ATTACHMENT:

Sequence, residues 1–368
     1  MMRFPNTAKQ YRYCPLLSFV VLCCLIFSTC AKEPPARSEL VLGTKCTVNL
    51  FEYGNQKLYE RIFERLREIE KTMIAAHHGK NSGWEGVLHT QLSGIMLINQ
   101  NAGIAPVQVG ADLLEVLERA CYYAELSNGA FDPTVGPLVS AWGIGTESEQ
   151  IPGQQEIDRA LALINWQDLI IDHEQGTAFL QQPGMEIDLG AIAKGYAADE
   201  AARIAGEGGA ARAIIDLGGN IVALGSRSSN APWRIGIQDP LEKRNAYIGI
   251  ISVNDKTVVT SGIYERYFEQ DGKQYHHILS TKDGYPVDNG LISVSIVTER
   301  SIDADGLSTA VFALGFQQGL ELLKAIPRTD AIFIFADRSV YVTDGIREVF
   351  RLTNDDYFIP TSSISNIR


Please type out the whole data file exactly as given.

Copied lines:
Sequence, residues 1–368
     1  MMRFPNTAKQ YRYCPLLSFV VLCCLIFSTC AKEPPARSEL VLGTKCTVNL
    51  FEYGNQKLYE RIFERLREIE KTMIAAHHGK NSGWEGVLHT QLSGIMLINQ
   101  NAGIAPVQVG ADLLEVLERA CYYAELSNGA FDPTVGPLVS AWGIGTESEQ
   151  IPGQQEIDRA LALINWQDLI IDHEQGTAFL QQPGMEIDLG AIAKGYAADE
   201  AARIAGEGGA ARAIIDLGGN IVALGSRSSN APWRIGIQDP LEKRNAYIGI
   251  ISVNDKTVVT SGIYERYFEQ DGKQYHHILS TKDGYPVDNG LISVSIVTER
   301  SIDADGLSTA VFALGFQQGL ELLKAIPRTD AIFIFADRSV YVTDGIREVF
   351  RLTNDDYFIP TSSISNIR